Getting a home loan with the right features is one of the simplest ways to reduce your costs in the long term. A mortgage offset account is one feature that could make a huge difference, potentially saving you thousands of dollars per year, and may help you repay your mortgage sooner.
What is a home loan offset account?
What is an offset account and how does it work?
A home loan offset account is a feature available on a range of home loans. An offset account is essentially a transaction account linked to your home loan. The money in your transaction account is used to “offset” the balance of your loan, so you only have to pay interest on the difference.
For instance, if you took out a home loan valued at $300,000 and your offset account had $15,000 in it, you will only need to pay interest on the balance of $285,000. Over 25 years you could potentially save over $22,024 in interest charges (assuming monthly principal and interest repayments at an interest rate of 3.29%).
In order to get the most out of a home loan offset account, there must be money in the linked account. The more savings you have in the account, the less you may pay in interest.
To make this facility more effective, you may choose to have your salary paid directly into your offset account to maintain a balance. You can then transfer amounts out of your offset account into your transaction account to use for your day-to-day spending. This will keep funds in your offset that can reduce the interest paid on your mortgage and help you budget better if you only withdraw the money you need.
Does offset account reduce monthly repayments?
Keeping money in an offset account doesn’t typically reduce your monthly repayments. The funds in an offset account reduce the amount of interest charged on a loan, meaning a larger part of your regular repayment will be used for paying down the principal. This means you’ll be repaying your home loan faster while saving money on interest.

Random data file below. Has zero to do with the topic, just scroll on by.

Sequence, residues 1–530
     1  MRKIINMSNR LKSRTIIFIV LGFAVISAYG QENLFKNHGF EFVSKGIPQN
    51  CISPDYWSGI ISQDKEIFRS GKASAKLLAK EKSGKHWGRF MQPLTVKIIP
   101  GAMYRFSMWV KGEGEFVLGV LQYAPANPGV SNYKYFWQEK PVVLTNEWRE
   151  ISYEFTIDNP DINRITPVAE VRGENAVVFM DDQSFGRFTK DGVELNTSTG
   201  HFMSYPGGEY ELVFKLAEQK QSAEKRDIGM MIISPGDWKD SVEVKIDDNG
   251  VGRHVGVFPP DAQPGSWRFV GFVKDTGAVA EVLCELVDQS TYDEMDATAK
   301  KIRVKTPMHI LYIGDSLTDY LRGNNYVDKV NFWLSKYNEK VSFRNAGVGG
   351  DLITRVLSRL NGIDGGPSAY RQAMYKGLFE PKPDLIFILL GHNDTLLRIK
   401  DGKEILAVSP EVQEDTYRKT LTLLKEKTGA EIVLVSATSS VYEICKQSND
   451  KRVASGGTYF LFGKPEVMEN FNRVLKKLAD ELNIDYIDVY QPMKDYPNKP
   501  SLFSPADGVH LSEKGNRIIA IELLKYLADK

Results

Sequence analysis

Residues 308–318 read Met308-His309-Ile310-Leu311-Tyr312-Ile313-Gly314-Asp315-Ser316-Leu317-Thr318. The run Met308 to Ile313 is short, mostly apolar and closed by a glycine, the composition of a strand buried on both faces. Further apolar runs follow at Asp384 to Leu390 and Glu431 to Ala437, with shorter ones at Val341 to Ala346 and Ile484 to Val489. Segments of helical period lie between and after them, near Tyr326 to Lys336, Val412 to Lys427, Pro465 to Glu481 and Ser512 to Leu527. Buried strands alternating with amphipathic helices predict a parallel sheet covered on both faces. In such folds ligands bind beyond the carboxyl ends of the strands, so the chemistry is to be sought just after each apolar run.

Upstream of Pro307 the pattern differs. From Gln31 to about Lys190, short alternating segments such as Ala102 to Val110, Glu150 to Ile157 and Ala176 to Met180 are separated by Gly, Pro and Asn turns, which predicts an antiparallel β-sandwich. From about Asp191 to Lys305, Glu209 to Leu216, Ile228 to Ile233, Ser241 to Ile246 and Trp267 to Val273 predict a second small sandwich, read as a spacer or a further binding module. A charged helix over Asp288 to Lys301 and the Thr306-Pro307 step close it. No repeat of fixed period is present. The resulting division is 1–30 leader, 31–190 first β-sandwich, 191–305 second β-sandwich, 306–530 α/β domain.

What are the benefits of a home loan offset account?
Depending on your financial situation and goals, there could be some benefits of using a home loan offset account:
1. Reduce the interest on your home loan
If you have some savings available, putting them in a mortgage offset account could help make your money work harder for you. This may not save you money on your regular repayments, but may save you money in the long term by lowering how much you pay in total interest and helping you repay your home loan sooner.
For example, assuming you have a $500,000 mortgage, an interest rate of 3 per cent per annum and a 25-year term, you might pay $2371 per month for your home loan, costing you $711,317 in total.
Now assume you also had $40,000 in your offset account, so you’d effectively only be paying interest on $460,000. If you kept making repayments of $2371 per month, you could pay this back in 22 years and 2 months, and pay just $670,178 in total. That’s a savings of $41,139.
Savings on $500,000 home loan at 3% interest
Time to pay off loan
With $40,000 in offset
22 years, 2 months